A “landlocked” artist in search of his Palauan roots
For Jerry Bedor Phillips, art is the bridge that connects him to his island origins.
On display at the Leu Center for the Visual Arts’ Gallery 121 until September 24, the artist’s âLandlockedâ exhibition offers a glimpse into the life, history and culture of his family homeland – Palau, a island nation in the Western Pacific.
Phillips’ work not only explores his own identity and family history, but also gives voice to an often overlooked legacy in the United States, and particularly in Tennessee.
âIt’s a unique perspective. You don’t meet a lot of Islanders here in the south, so it’s very important to have a space for him to talk about his truly unique experiences, âsaid Ana Stringer, member of the Indigenous Scholars Organization of the ‘Vanderbilt University.
Phillips was born in the United States to immigrant parents; he only knows how to be an American, he said.
âI think it’s important to make this work because I’m trying to reconnect with my extended family and the history and legacy they leave me and that I just feel separated from,â said Phillips.
Phillips currently works as a studio director and gallery coordinator at Vanderbilt’s Space 204. Prior to moving to Nashville ten years ago, Phillips earned an MA from Bradley University in drawing and printmaking. The artist is therefore used to working with a lot of paper. .
His exhibition features drawings made with dry materials and graphite colored pencils, and he also started working with calligraphy ink on a type of polyester film that looks like plastic paper, using it to make prints. family portraits and photographs.
The artist also reinvented the use of paper in his sculpture “A Paper Boat,” which features folded white boats grouped into fleets, suspended in wooden garden boxes similar to the ones her mother tended on her own. garden.
The play brings back a memory from Phillips’ childhood: his mother taught him how to make paper boats, which led him to fantasize about bending enough to cross the ocean.
The historical context of the play is darker – the group of boats pays homage to the Battle of Peleliu, which took place in Palau towards the end of WWII and was one of the bloodiest and most devastating Pacific, said Phillips.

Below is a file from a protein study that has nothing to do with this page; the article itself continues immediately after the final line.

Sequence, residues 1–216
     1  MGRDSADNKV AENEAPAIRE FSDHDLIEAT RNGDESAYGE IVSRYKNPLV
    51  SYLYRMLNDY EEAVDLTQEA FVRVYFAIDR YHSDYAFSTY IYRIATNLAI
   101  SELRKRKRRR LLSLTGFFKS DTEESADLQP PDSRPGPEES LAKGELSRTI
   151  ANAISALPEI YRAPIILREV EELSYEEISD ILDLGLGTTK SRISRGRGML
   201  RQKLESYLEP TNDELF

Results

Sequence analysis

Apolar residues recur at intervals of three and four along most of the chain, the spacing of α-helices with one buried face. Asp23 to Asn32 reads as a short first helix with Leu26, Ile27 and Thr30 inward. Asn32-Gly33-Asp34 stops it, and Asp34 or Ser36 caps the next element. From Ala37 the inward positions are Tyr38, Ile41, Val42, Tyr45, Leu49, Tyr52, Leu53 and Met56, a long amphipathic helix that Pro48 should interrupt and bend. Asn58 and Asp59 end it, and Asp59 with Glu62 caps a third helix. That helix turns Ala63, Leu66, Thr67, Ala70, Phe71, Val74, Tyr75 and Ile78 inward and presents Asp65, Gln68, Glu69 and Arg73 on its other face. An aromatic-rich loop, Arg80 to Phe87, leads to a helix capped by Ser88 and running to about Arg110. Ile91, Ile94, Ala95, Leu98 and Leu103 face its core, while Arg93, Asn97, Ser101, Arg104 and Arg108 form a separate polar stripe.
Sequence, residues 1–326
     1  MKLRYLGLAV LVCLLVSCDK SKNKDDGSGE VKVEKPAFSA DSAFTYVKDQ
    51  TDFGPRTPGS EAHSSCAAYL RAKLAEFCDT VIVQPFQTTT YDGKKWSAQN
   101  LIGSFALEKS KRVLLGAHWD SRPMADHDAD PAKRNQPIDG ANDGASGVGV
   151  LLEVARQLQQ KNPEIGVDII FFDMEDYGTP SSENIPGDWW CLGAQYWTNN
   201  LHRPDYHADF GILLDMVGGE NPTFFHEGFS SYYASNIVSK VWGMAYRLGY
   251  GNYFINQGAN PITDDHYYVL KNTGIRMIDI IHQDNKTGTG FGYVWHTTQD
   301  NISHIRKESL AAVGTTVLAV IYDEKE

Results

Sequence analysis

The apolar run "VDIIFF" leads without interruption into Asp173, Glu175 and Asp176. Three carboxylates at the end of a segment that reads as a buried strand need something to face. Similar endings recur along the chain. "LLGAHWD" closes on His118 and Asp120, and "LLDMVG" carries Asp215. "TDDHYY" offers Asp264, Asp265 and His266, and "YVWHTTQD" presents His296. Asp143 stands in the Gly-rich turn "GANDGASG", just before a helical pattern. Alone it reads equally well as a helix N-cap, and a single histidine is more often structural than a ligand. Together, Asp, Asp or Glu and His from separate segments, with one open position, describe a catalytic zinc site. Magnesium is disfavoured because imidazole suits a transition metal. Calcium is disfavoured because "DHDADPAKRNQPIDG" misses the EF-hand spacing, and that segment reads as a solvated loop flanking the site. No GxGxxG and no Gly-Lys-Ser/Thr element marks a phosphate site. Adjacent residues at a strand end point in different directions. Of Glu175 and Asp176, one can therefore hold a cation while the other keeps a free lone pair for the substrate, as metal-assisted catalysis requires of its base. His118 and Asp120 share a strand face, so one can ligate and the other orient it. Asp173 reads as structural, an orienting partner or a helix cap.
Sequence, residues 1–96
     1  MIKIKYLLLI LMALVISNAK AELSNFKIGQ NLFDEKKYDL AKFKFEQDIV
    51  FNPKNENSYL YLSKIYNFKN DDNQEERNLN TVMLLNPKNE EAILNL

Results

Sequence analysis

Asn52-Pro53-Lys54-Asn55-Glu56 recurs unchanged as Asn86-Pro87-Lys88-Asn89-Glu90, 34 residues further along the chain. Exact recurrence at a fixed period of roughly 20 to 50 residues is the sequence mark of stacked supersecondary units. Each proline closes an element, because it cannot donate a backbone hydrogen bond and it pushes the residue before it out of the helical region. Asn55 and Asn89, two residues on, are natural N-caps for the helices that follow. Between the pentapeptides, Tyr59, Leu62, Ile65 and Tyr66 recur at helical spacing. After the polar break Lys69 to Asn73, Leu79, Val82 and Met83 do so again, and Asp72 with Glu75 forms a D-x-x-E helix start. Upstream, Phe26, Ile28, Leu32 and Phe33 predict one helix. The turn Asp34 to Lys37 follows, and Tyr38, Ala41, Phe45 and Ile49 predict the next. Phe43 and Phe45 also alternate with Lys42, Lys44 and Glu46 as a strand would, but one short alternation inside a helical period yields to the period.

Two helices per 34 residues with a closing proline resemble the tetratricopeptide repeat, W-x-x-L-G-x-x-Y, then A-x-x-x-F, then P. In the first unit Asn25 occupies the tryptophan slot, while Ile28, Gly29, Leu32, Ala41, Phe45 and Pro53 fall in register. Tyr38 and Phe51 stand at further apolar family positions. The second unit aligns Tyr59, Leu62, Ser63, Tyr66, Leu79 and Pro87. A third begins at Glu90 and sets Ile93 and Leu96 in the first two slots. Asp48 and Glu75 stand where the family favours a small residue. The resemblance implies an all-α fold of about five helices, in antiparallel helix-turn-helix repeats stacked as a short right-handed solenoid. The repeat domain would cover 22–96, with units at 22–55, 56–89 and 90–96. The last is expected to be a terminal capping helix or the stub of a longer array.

“The paper boats here represent the people who fought this battle, those who were lost in the conflict and the remnants of this conflict still present in the waters and on the lands of Micronesia,” the artist wrote on the sign accompanying the piece.
“A Paper Boat” is the favorite of Phillips’ colleague in Vanderbilt’s art department, studio technician Taylor Raboin.
âI love boats in general,â Raboin said. âI love how much they can get bigger, and I can easily imagine the whole room is filled with them and only them, so I love the way he’s spaced them out on these islands around the piece and really made you feel at sea as much as you can in an art gallery.
Phillips challenged himself, he said, by tapping into other multi-piece media, including Plexiglas prints of paraphernalia native to Palau – including coral and a traditional necklace – lit up by LED lights.
âLandlockedâ began to take shape when Phillips moved to Nashville ten years ago as a graduate student.
His geographic transition, combined with the notoriously awkward transition from being a student to the workforce, deprived Phillips of an idea of ââwhat his future would look like, which in turn brought him back to the islands of his ancestral past.
âI was starting to really think of myself again in terms of disconnecting from the islands since I’ve lived here all my life,â he said. “I am more focused and open to learning about the history and legacy that my ancestors and my family built for me.”
Phillips hopes those who visit his exhibit will learn that Palau and its people are rich in culture and history, and that knowing their personal ancestors is a gift that should be celebrated, no matter what country they land in.
“I just wish they would come and experience the work and then leave reflecting on their own family history and their relationships with those who are not their immediate family but their extended family,” he said. he declares.
âEveryone has family after their immediate family, and there is a story for everyone. “
PHOTO: Illustration by Jerry Bedor Phillips. Photo courtesy of Watkins College of Art.
This article was written by Olivia Peppiatt.
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